Charles Austin roses were first bred in 1973 in the United Kingdom by David Austin. David is a world renowned rose breeder with well over 40 years of experience in his field. He is widely regarded as one of the leading hybridizers of roses. This particular rose was created by crossing the Chaucer rose with the hybrid tea rose Aloha. The result is a very beautiful shrub rose that is part of David Austin’s English rose collection.
The rose Charles Austin will produce apricot colored blooms that average about 4 inches or so in diameter and they will have a lovely fruity fragrance that is quite pleasant. The plant itself can grow as tall as 10 feet at full maturity with a width out to around 6 feet. The rose Charles Austin is susceptible to blackspot and mildew so extra care will have to be taken regarding its growing conditions. This rose is a great choice for cut flower arrangements and it will do nicely in zones 5 through 10.
Growing the rose Charles Austin is not terribly difficult and if you have any past experience growing roses, then you should not find this one to be all that challenging. The most important thing that you will have to decide in the life of your roses is where in your garden you will ultimately grow them. Roses require a lot of sun light if you really want them to perform at their best and this one is no different. Try to select a location that gets no less than 6 to 8 hours each day of direct sun light.
You also will need to grow your Charles Austin roses in soil that drains very well. This is a rather simple issue to address but I am often surprised at how many growers overlook this very important aspect. If you are not sure about the quality of your garden soil, you can take a trip to your local garden center and pick up a bag of growing soil that is designed specifically for roses. Your rose Charles Austin will thank you for it!
Getting your rose Charles Austin into the ground is not hard either but it does depend a little bit on how you purchased your roses. If you bought one at a local nursery, then chances are it was already established in a container and ready to bloom. These are the easiest roses to plant. Dig your hole at least twice the diameter of the container and equally as deep. This will give you plenty of room around the roots for your soil mix while keeping the bud union at its original depth.
If you bought your Charles Austin roses online, then they may have shipped them to you as bareroot plants, which is not uncommon. You should soak the roots of these overnight in a bucket of room temperature water, prior to planting day. Then dig your hole as wide as the largest roots on the plant and deep enough to let you set the plant on top of a mound of soil while keeping the bud union no more than an inch or so below the surface once planted.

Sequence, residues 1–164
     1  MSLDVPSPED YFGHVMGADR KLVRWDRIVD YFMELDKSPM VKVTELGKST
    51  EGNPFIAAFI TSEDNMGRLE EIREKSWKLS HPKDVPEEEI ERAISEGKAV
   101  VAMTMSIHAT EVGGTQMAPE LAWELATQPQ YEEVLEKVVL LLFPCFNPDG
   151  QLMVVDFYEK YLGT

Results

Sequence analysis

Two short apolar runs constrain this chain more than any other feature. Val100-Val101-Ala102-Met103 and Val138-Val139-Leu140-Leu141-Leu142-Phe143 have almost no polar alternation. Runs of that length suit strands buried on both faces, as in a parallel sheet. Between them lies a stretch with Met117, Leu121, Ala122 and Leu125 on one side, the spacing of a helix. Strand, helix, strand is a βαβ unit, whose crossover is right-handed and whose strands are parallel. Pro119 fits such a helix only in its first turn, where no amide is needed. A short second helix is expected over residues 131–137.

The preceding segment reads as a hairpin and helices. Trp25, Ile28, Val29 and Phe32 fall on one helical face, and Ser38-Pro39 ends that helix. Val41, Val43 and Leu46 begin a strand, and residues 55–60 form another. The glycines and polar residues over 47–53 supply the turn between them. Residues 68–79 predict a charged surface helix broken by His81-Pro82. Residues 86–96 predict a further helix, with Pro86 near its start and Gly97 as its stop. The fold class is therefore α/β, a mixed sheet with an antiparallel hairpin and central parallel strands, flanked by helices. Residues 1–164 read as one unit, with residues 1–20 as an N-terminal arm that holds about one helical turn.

Once you have your rose Charles Austin set in place on top of the mound, spread the roots out in all directions and then back fill the hole only halfway to start, using your soil mix. Take your garden hose and water the loose soil heavily until it flows around the roots like mud, then you can go ahead and finish filling the hole. Give the soil one last heavy watering and be sure to top off any final settling that may occur. Do not tamp down the soil. This method of planting should make sure that you aren’t getting any air pockets around the roots of your rose.
Taking care of the rose Charles Austin is pretty straight forward and once again, any past experience you may have growing roses will sure come in handy here as well. You will need to make sure that you are providing your roses with enough water and nutrients, while taking care not to overdo it. For most climates this usually amounts to about one deep watering each week. If you live in a very hot or dry climate, then you might want to check on your roses every 4 to 5 days.
You also should consider giving your Charles Austin roses a dose of a granular all-purpose fertilizer in the early spring when the leaves start to open. This will give your roses a great start to the growing season. Like most of David’s creations, this one is also a repeat bloomer so it will benefit nicely from a few additional feedings over the course of the growing season. I will usually give my roses their second feeding right after they have finished the first big bloom, then a third feeding sometime around the middle of the summer to encourage late season flushes. Your rose Charles Austin should do nicely on this schedule also.
You should prune the rose Charles Austin in the late winter or very early spring when the weather starts to warm, but before the leaves have opened up. This makes pruning much easier. Start by removing all the dead and discolored leaves from the plant and set your cuttings aside. Next, prune back any overlapping lateral canes from the plant so that these do not compete for sun light once the leaves fully open. Lastly, give the remaining canes a cut back by about one third of their current height to promote new growth.
This is also the best time to clean up around the base of your Charles Austin roses and get rid of all the dead leaves and debris that may have collected there over the previous growing season. Throw all of this material away in the trash, along with your cuttings. Never let dead matter lay around your roses as it can turn into a breeding ground for many different pests and diseases. Finish up your pruning by giving your rose Charles Austin a fresh new layer of mulch to start off the growing season.
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